Woman, Independent Parent, Artist, Advocate, Artifical Pancreas.... and EVERYTHING in between.

I am blessed to be parenting two beautiful girls, ages eight and eleven. My youngest nearly lost her life at age six (August 2010) to diabetic ketoacidosis: an often fatal consequences of undiagnosed type 1 diabetes. This is OUR journey: raw and sometimes, uncensored.

Thank you for visiting wishing good health and a cooperative pancreas to you and yours.

Thursday, February 2, 2012

Bella Fund

This is Bella and Rowan (7).

THIS is a win win situation!

Rowan is a type 1 diabetic. She is insulin dependent and wears an insulin pump 24/7. I nearly lost her 08/09/10 from often fatal complications of undiagnosed type 1 diabetes.

Bella is a Chesapeake Retriever/Chocolate Lab cross. She is a rescue dog.

She was spotted wandering along the side of a Saskatchewan Highway. The couple that picked her up told me she was ALL ribs when they found her. They loaded her into their truck, and brought her home to the Fraser Valley of British Columbia, knowing that if they left the pup, she would be killed.

It's a sort of divine intervention that we found one another. Allow me to explain.

As a type 1 diabetic, Rowan suffers from hypoglycemia (low blood sugars) and hyperglycemia (high blood sugars). The low blood sugar is far more serious than the high blood sugars, though neither one of them is a positive. Sometimes Rowan recognizes that she is low, other times, it is me, her artificial-pancreas mother that recognizes the symptoms and ensures it is treated. Complications of low blood sugar include (but are not limited to) seizure, coma, and unfortunately: death.

As a single parent with a chronically ill child, I cannot begin to express the PRESSURE kerplunked onto your shoulders. "Dead In Bed Syndrome" is unfortunately a label that is put on diabetic deaths, occurring in the middle of the night because of severe low blood sugar.

I tend to check Rowan's blood sugars at least once in the middle of the night. Generally around 3am, or whenever I wake up to use the facilities. I have not slept uninterrupted since at least August 2010. The effects are beginning to set in: nervousness, anxiety, depression.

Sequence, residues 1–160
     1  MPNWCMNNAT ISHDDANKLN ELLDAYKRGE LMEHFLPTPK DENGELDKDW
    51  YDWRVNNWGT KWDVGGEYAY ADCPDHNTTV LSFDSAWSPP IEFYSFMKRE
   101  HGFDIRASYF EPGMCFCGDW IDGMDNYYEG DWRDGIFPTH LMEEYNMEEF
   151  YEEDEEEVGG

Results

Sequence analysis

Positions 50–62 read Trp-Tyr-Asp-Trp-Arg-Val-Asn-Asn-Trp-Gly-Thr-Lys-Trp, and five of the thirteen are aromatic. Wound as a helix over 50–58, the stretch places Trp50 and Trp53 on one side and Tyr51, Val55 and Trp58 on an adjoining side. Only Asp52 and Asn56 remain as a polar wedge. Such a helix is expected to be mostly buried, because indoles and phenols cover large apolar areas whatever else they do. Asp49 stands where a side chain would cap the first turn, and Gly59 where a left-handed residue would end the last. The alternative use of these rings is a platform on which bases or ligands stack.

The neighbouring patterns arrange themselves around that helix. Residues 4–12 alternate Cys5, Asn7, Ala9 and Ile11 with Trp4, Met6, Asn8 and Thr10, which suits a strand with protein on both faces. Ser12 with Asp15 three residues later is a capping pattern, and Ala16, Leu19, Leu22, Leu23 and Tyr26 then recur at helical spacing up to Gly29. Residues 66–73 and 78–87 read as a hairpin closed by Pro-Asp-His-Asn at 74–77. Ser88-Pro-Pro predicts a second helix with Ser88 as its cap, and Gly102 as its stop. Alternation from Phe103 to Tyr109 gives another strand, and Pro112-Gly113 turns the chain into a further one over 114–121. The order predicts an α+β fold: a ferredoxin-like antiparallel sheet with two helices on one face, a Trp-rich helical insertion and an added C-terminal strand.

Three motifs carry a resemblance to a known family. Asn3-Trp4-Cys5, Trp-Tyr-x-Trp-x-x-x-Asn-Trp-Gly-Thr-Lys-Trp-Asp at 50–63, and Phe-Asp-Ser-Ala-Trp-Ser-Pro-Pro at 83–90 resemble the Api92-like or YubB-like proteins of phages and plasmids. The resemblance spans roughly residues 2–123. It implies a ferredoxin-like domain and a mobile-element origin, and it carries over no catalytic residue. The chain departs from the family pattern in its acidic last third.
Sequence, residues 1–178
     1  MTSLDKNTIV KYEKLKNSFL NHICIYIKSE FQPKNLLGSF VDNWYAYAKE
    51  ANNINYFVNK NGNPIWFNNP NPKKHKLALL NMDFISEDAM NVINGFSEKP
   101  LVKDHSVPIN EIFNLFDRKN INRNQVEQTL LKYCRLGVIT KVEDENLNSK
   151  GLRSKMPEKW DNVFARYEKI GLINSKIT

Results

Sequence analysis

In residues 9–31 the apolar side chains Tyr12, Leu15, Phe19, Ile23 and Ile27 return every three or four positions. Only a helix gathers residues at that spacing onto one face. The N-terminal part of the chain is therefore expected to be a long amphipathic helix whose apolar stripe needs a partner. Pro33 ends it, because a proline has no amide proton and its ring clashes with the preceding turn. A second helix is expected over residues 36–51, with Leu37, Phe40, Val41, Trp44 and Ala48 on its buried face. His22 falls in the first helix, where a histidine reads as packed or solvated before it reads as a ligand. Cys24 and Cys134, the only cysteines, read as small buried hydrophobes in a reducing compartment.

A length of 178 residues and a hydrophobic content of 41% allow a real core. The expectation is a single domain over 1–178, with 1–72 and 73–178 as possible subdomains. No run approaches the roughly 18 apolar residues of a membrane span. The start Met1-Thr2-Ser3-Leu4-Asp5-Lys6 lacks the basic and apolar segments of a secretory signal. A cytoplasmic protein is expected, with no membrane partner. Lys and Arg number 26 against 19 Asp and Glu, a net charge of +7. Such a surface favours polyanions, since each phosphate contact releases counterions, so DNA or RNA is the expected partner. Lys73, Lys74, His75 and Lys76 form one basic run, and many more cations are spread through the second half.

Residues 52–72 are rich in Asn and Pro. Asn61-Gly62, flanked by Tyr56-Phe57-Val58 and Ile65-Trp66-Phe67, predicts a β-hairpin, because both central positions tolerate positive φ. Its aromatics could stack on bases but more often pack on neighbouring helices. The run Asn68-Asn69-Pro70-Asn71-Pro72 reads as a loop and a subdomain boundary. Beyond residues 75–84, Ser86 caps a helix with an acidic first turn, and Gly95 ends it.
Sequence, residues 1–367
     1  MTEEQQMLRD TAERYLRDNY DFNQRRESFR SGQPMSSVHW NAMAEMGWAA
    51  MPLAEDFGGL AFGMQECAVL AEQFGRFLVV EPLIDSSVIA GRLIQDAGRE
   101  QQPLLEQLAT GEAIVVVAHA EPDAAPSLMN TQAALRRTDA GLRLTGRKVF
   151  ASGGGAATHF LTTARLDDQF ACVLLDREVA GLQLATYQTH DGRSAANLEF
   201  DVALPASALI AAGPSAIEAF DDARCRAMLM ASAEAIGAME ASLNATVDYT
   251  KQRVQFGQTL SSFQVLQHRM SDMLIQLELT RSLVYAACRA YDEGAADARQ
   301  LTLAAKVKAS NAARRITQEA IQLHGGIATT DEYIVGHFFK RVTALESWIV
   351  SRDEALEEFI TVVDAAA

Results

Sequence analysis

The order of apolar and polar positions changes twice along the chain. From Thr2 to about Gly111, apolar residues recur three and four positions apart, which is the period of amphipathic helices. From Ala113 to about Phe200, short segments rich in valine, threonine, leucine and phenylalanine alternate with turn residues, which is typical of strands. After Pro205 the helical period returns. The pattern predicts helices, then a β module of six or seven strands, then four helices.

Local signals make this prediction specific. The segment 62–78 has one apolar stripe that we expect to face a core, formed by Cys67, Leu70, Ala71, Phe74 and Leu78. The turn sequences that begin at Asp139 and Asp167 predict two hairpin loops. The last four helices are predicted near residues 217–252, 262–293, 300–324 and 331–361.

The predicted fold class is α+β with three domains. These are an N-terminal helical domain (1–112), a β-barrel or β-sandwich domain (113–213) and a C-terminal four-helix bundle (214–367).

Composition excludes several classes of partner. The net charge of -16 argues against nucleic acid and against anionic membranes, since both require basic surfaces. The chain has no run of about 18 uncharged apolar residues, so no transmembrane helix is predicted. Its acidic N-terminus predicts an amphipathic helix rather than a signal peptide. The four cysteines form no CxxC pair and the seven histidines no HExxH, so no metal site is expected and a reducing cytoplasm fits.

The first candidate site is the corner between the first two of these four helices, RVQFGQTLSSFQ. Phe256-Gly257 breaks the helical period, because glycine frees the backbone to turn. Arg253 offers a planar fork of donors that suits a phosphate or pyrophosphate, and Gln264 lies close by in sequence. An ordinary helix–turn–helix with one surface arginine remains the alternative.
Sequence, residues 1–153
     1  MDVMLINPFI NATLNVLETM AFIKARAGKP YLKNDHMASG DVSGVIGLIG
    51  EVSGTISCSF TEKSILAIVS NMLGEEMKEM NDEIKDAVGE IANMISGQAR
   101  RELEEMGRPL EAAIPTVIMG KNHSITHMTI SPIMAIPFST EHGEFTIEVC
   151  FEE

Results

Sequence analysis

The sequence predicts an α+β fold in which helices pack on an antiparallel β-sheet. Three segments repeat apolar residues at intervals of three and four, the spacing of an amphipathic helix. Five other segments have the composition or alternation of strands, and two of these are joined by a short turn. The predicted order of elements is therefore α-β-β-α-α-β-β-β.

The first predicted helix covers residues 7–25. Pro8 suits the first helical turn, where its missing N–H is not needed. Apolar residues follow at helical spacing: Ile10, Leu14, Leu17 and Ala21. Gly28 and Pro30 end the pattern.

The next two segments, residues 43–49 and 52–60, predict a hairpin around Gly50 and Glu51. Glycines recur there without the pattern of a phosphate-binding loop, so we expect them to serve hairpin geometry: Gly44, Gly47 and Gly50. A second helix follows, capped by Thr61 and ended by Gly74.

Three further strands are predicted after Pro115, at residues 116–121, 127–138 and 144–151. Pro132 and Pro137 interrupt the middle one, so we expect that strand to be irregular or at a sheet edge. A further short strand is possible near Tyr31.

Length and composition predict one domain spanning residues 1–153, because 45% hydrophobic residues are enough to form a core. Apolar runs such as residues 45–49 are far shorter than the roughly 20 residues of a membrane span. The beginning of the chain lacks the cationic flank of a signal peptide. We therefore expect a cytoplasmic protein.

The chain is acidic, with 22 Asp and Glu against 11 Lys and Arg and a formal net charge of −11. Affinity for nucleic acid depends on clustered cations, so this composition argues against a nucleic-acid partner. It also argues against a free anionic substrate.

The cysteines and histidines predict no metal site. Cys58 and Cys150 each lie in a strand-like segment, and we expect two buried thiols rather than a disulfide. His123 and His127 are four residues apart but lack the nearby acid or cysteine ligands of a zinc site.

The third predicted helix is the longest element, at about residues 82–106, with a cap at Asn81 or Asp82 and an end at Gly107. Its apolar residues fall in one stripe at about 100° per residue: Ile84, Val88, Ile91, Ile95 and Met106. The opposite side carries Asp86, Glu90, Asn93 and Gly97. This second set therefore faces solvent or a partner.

So I approached my landlord earlier this week for permission to bring a dog into the house, to be trained as a Diabetic Assistance Dog (DAD's). A dog can be trained to be a DAD by recognizing the change of smells within the body chemistry during hypoglycemia. Another set of eyes watching over Rowan with me. He agreed, and somehow, maybe through divine intervention, within moments of posting my excitement on Facebook, a neighbour around the corner messaged me. "What kind of dog are you looking for? I know someone who has a dog that needs a home.... NOW. She's going to the SPCA tomorrow morning".

I wasn't expecting to have a dog that very same night. I didn't know what breed I wanted, all I knew is that it HAD to have a keen sense of smell. After doing some brief research on the Chesepeake, I agreed to go see the dog.

We know how this ended, don't we? Yes.... the dog came home with us that night.

But because Bella is a rescue, she hasn't had the veterinarian experience. She requires her three vaccinations, she needs to be tattooed and microchipped, she needs to be spayed. I was given an estimate of $250 - $300 from the lowest charging veterinarian I could find.

As a single parent family, we are on a very modest and limited income. While I didn't expect to have a dog immediately, I hoped to be able to save some money for her costs. But when the Heavens brought her to us, I couldn't say no. You can't on one hand say: I'm ready. But then turn around and say: not yet!

Bella has been with us for maybe three days now, and somehow or another (miraculously) has alerted Rowan to TWO different hypoglycemic episodes over two different days.

This is normally the time of year that we would be pursuing fundraising for the TELUS Walk To Cure Diabetes. But unfortunately, the issue with Bella is of the utmost importance. She NEEDS to be vaccinated asap.

While I find it very difficult, if not shameful, to have to reach out for assistance. This is SUCH a win win situation, that essentially, I am just the messenger. The advocate. The rescue rescues Rowan, who in turn, rescues her right back again.

A Bella Fund has been established with all donations going towards her medical expenses and diabetic training. Any donations would be beyond gratefully appreciated.

Thank you VERY much for your consideration. I hope that your generosity will return to you tenfold.

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